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Summaries of EU Legislation

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Medicinal products for paediatric use

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Medicinal products for paediatric use

This law aims to ensure that medicines for children are fully adapted to their particular needs. It lays down specific obligations on the pharmaceutical industry, accompanying these with rewards and incentives.


Regulation (EC) No 1901/2006 of the European Parliament and of the Council of 12 December 2006 on products for paediatric use and amending Regulation (EEC) No 1768/92, Directives 2001/20/EC and 2001/83/EC and Regulation (EC) No 726/2004 (see amending acts)


This law aims to:

  • encourage high-quality research into the development of medicines for children;
  • guarantee - over time - that the majority of these are specifically authorised for such use ;
  • ensure the availability of accurate and helpful information on paediatric drugs.

Companies must draw up paediatric investigation plans containing data on the use of a medicine in children when applying for authorisation to market their products. In exchange, and as an incentive, a company receives a 6-month extension of its supplementary protection certificate - a form of intellectual property right. For orphan medicines, a manufacturer has an extra 2 years' market exclusivity.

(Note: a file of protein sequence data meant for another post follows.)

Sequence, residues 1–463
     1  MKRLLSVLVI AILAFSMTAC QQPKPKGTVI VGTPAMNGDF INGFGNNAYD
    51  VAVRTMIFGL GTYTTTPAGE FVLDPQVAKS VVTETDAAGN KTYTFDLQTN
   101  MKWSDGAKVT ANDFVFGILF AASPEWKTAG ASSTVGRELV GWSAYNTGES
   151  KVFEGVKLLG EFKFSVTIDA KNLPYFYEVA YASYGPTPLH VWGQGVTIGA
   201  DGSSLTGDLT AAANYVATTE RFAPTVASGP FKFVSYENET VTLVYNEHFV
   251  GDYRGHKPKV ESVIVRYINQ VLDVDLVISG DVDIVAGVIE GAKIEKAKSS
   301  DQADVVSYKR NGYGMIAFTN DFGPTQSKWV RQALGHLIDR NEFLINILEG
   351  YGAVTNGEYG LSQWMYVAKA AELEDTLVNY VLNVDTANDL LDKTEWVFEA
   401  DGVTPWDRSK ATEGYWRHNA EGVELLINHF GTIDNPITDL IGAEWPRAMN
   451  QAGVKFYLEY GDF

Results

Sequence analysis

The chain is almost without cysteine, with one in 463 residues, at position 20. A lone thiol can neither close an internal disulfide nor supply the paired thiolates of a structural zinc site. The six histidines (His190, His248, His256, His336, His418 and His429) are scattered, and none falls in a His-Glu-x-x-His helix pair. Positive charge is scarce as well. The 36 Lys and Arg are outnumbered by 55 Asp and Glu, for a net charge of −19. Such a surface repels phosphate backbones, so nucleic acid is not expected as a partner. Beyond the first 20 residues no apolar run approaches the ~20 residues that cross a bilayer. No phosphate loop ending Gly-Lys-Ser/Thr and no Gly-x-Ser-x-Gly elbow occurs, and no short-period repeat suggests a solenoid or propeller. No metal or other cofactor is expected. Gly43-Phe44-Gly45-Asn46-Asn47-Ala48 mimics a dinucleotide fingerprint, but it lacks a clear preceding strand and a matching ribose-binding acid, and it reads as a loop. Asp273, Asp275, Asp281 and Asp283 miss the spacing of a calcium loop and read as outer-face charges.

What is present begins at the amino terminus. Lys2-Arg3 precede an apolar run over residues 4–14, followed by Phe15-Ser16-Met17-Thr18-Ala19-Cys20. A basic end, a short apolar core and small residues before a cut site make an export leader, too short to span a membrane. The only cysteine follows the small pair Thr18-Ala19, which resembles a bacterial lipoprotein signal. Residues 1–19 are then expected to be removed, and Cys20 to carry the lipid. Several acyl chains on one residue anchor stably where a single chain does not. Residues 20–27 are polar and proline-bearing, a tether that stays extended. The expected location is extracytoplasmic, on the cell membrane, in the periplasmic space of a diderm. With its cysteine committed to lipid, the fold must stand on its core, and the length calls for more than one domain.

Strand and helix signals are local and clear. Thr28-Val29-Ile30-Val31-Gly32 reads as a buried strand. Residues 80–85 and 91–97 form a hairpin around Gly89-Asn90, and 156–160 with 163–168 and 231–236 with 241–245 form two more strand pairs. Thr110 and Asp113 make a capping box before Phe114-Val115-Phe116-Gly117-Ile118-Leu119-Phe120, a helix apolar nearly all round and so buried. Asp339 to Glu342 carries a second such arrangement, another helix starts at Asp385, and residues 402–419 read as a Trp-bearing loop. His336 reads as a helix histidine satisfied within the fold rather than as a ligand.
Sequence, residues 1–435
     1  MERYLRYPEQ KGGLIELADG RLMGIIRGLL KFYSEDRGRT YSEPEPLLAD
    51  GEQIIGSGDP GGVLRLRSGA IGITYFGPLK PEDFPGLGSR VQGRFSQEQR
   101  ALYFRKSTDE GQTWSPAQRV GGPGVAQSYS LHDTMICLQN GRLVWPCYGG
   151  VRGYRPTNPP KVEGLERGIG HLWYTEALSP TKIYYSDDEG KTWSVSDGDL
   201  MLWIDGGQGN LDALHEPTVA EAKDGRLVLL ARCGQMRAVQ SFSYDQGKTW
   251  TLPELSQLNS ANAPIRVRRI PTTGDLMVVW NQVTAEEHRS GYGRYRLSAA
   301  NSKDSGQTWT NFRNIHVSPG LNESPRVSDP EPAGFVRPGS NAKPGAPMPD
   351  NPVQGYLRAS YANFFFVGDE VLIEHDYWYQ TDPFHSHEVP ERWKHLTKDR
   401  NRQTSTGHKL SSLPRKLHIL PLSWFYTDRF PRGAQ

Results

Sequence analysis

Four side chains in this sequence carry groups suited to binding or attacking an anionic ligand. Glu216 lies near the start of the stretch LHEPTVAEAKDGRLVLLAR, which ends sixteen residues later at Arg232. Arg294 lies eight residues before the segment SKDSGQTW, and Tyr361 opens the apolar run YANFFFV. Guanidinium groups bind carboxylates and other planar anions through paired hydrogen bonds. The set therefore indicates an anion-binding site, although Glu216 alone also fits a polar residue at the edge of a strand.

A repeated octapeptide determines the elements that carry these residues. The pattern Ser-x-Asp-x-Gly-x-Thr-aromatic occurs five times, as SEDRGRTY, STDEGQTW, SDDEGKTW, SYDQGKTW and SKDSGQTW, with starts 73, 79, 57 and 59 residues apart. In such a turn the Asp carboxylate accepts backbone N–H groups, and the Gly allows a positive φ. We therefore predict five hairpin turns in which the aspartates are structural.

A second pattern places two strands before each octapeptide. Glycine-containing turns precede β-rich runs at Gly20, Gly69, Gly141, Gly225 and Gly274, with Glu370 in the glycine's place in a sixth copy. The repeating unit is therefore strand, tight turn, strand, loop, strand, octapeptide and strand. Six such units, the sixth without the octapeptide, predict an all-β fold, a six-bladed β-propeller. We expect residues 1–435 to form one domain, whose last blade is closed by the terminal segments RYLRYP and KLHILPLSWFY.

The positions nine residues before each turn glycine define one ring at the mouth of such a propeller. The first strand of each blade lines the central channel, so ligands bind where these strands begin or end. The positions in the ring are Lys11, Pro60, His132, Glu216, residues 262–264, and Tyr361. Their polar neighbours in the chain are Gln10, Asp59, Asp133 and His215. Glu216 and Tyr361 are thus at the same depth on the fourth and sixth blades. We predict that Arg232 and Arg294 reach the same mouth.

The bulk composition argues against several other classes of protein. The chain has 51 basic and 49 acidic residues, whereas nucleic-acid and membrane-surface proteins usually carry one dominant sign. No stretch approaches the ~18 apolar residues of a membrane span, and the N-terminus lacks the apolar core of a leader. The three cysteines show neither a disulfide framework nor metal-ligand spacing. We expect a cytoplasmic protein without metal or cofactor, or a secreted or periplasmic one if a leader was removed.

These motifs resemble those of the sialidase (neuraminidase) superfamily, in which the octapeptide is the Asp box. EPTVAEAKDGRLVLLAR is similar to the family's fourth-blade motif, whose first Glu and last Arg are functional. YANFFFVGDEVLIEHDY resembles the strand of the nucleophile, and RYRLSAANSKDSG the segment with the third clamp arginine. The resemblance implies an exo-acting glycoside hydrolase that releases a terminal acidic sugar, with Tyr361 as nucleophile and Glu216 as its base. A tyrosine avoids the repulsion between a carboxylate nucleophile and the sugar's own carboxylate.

An independent paediatric committee inside the European Medicines Agency advises on questions raised by children's medicines and is responsible for scientific assessment and approval of the paediatric investigation plans.

The law established:

  • an EU inventory of the therapeutic needs of children to focus the research, development and authorisation of medicines;
  • an EU network of investigators and trial centres to carry out research;
  • a system of free scientific advice for the industry;
  • a public database of paediatric studies;
  • EU funding to promote research into off-patent medicines for children.

In 2013, the Commission published a report which noted that, given the development cycle of medicines, it would require at least 10 years to gain full understanding of the law's impact. It pointed out that the requirement for companies to screen every new adult product for its potential paediatric use means that this factor is now an integral feature of a product’s overall development.



Entry into force - Date of expiry

Deadline for transposition in the Member States

Official Journal

Regulation (EC) No 1901/2006



OJ L 378 of 27.12.2006

Amending act(s)

Entry into force

Deadline for transposition in the Member States

Official Journal

Regulation (EC) No 1902/2006



OJ L 378 of 27.12.2006


Regulation (EC) No 726/2004 of the European Parliament and of the Council of 31 March 2004 laying down Community procedures for the authorisation and supervision of medicinal products for human and veterinary use and establishing a European Medicines Agency (Official Journal L136 of 30.4.2004)

Directive 2001/83/EC of the European Parliament and of the Council of 6 November 2001 on the Community code relating to medicinal products for human use (Official Journal L 311 of 28.11.2001)

Directive 2001/20/EC of the European Parliament and of the Council of 4 April 2001 on the approximation of the laws, regulations and administrative provisions of the Member States relating to the implementation of good clinical practice in the conduct of clinical trials on medicinal products for human use (Official Journal L 121 of 1.5.2001)

Report from the Commission to the European Parliament and the Council Better medicines for children - From concept to reality: General report on experience acquired as a result of the application of Regulation (EC) No 1901/2006 on medicinal products for paediatric use (COM(2013) 443 final of 24.6.2013 - not published in the Official Journal)

Last updated: 05.05.2014